James Rickards is a hedge fund manager in New York City and the author of “Currency Wars: The Making of the Next Global Crisis” from Portfolio/Penguin. Follow him on Twitter at @JamesGRickards.
Two developments in the banking industry with roots in the 1980s have now converged to give immunity to bankers for their criminal acts including mortgage fraud, accounting fraud, and LIBOR rate-rigging.
The first has to do with the consequences of a financial institution being charged with a crime. In the 1980s, Drexel Burnham was one of the largest and most powerful banks on Wall Street and the home of junk bond king Michael Milken and his hostile takeover empire. Drexel worked side-by-side with corporate raiders, hedge fund managers, and bond buyers to shake established company managers to the core and show that no one was safe from a debt-financed takeover backed by Milken. Behind this machine was a web of securities fraud and insider trading that was under investigation by the U.S. government. Beginning in 1986, Drexel suffered a series of individual and firm indictments and civil enforcement actions including some aimed at Milken himself. In December 1988, Drexel pleaded no contest to six felony charges and paid one of the largest fines in corporate history.
Then a curious thing happened. Over the course of a single day in February 1990, Drexel's short-term secured financing in the repo market evaporated. Drexel collapsed suddenly not because of a government indictment, but due to a run on the bank. The criminal cases against Drexel and Milken had caused a loss of confidence by the rest of Wall Street. Drexel was unable to leave its past behind and the firm succumbed to a criminal legacy.
The following year the king of Treasury securities dealers, Salomon Brothers, found itself involved in a criminal plot to rig the Treasury note market. Again, a run on the bank commenced and Salomon's balance sheet collapsed by two thirds in a matter of weeks. This time the outcome was different. The Treasury and Federal Reserve decided that two major bankruptcies in two years might be more than the system could bear. Warren Buffett was recruited as a white knight to refinance Salomon and a new management team including a former Treasury general counsel was brought in to put a clean face on the company. Salomon was spared. The lesson of Drexel and Salomon was that when banks face criminal prosecution, they also risk collapse.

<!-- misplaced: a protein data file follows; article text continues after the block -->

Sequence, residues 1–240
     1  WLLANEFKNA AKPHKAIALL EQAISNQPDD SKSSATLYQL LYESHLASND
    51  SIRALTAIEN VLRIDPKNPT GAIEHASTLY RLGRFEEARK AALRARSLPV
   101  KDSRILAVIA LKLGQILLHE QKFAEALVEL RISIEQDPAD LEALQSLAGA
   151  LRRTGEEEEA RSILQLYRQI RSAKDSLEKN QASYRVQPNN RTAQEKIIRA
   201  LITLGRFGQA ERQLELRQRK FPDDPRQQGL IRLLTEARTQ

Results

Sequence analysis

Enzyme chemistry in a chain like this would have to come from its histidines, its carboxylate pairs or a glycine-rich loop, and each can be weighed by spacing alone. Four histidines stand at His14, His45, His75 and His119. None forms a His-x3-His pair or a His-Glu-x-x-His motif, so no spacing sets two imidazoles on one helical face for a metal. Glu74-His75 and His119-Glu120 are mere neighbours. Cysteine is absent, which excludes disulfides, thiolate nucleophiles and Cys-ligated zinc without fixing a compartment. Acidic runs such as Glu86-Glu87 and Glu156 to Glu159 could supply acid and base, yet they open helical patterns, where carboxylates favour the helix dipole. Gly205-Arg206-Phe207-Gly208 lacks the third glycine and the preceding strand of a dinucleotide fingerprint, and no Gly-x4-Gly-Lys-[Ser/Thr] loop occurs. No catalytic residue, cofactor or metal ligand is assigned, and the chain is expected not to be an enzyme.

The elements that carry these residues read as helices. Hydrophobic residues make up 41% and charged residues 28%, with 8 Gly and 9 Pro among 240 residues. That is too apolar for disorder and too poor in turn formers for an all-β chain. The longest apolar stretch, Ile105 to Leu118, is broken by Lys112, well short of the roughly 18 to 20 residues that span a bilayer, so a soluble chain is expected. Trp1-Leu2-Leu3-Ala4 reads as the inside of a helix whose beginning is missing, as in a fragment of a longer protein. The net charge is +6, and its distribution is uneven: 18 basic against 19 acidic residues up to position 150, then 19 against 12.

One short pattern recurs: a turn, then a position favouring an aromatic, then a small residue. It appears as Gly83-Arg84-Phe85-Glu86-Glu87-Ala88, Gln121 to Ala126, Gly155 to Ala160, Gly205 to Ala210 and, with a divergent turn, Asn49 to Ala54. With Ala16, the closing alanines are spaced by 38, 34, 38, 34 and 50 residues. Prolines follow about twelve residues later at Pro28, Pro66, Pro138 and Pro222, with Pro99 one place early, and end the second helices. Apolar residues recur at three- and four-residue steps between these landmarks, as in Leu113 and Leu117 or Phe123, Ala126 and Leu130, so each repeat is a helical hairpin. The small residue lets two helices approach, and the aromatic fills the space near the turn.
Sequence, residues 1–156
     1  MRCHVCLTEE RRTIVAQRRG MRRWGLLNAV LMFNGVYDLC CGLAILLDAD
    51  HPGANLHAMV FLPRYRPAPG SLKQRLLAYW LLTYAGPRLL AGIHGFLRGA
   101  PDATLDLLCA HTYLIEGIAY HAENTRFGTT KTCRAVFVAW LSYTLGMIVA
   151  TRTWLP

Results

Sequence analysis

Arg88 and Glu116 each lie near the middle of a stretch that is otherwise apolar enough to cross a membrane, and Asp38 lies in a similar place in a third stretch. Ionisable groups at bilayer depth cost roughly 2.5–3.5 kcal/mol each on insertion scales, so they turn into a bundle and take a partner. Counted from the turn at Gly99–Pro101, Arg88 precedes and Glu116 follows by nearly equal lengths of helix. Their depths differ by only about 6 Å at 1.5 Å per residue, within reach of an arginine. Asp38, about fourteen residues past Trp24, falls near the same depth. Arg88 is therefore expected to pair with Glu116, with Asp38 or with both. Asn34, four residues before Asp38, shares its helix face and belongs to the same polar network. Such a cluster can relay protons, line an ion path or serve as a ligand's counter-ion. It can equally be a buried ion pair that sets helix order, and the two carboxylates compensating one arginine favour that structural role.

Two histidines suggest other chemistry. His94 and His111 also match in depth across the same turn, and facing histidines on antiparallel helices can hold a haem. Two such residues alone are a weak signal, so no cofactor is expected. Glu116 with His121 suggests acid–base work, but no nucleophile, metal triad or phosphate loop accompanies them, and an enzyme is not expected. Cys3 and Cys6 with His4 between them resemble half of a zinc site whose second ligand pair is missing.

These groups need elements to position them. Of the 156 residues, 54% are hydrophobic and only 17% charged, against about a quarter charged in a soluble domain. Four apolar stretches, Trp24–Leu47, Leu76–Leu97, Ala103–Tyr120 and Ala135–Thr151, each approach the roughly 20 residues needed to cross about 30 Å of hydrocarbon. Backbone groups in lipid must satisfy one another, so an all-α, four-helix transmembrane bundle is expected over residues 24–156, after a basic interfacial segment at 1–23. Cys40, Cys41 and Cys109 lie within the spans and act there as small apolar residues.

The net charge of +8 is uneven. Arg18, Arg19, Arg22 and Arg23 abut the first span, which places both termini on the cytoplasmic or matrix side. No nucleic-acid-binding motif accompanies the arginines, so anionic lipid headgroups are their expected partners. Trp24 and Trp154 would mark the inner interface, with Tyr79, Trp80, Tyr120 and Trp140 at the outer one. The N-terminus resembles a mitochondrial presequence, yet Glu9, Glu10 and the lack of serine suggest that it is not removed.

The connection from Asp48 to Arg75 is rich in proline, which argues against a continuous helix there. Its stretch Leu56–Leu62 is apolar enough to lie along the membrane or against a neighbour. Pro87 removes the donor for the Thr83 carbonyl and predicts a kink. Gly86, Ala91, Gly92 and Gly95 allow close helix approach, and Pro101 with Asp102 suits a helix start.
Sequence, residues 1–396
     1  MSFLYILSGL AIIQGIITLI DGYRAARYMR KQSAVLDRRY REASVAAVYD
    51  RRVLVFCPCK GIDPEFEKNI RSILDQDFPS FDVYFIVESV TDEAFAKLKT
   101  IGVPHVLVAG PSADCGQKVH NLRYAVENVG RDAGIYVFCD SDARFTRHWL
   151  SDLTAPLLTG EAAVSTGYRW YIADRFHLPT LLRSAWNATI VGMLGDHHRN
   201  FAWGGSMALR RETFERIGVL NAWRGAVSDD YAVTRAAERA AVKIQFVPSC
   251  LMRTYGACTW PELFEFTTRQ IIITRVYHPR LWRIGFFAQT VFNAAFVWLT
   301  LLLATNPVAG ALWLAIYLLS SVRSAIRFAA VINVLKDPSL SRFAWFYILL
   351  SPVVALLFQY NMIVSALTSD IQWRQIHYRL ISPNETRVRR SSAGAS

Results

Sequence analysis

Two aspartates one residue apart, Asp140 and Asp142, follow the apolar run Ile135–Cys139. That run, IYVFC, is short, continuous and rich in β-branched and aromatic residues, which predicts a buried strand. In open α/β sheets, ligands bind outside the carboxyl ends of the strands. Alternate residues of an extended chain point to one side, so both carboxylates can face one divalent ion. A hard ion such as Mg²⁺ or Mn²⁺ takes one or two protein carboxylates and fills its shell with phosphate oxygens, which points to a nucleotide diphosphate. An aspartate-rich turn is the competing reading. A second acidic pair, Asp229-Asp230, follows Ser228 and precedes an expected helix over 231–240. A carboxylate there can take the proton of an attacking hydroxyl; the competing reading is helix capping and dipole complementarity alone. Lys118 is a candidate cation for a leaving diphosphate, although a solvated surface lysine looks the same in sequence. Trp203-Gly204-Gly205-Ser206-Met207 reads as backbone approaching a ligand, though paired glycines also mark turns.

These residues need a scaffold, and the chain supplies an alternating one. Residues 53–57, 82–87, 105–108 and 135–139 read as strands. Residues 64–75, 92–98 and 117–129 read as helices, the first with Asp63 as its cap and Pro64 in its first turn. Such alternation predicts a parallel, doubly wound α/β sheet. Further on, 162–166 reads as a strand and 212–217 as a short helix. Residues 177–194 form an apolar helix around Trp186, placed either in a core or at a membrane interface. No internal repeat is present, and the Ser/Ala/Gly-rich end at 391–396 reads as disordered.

The second development was the rise of the "too big to fail" doctrine. Many observers believe too big to fail is a product of the 2008 panic and TARP bailout, but the policy is much older. In 1984, Continental Illinois, the seventh largest bank in the United States, suffered a run on the bank. Contrary to established regulatory practice of bank closure or purchase by another bank, the regulators provided open bank assistance. In defending this action, the comptroller of the Currency explicitly stated that it was the policy of the United States not to let any of the 11 largest banks in the country fail. By 2011, that list had expanded to 29 firms including Citibank, J.P. Morgan, and Bank of America.
Now consider how these two developments work when applied together. The government knows that banks that are prosecuted may fail. They also know that some banks are too big to fail. It follows that some banks are too big to prosecute. They are above the law. Too big to fail means too big to jail.
Consider further that bankers know this. They know they are above the law and act accordingly. Normally, the prospect of being rousted out of bed at 5:00 a.m. and led away in handcuffs by FBI special agents in the full glare of television news lights is enough of a deterrent to keep even the greediest bankers in bounds. Yet, knowing they are immune from prosecution increases the temptation to engage in various kinds of fraud. When this green light for fraud is combined with heads-I-win, tails-you-lose gambling financed by federal deposit insurance, it's no wonder banks are engaged in institutionalized serial criminality not seen since the heyday of the Mafia in the 1950s.
Government has tried to finesse this dilemma using deferred prosecution agreements. These are basically deals where the government announces criminal charges but agrees not to go forward with the prosecution provided the bank pays fines, changes management, and keeps its nose clean for a year or more. If new crimes are committed in that time period, the deferred criminal charges spring back to life. It's a way to highlight alleged crimes without actually causing a run on the bank.
Expect to see such deferred prosecution agreements in the LIBOR scam cases. Also expect some individual arrests, perhaps soon, but only when the public has been carefully prepared and it has been made clear that these are "rouge" individuals and not the bank itself being charged with a crime.
At least that's some accountability. Yet, the larger problem remains. Unless banks are allowed to fail, whether it be for mismanagement or crimes, the feeling of being above the law will remain. The government reinforces that arrogance by its failure to prosecute. In the end, those who don't enforce the law are just as much to blame for bank crimes as the pinstriped perpetrators.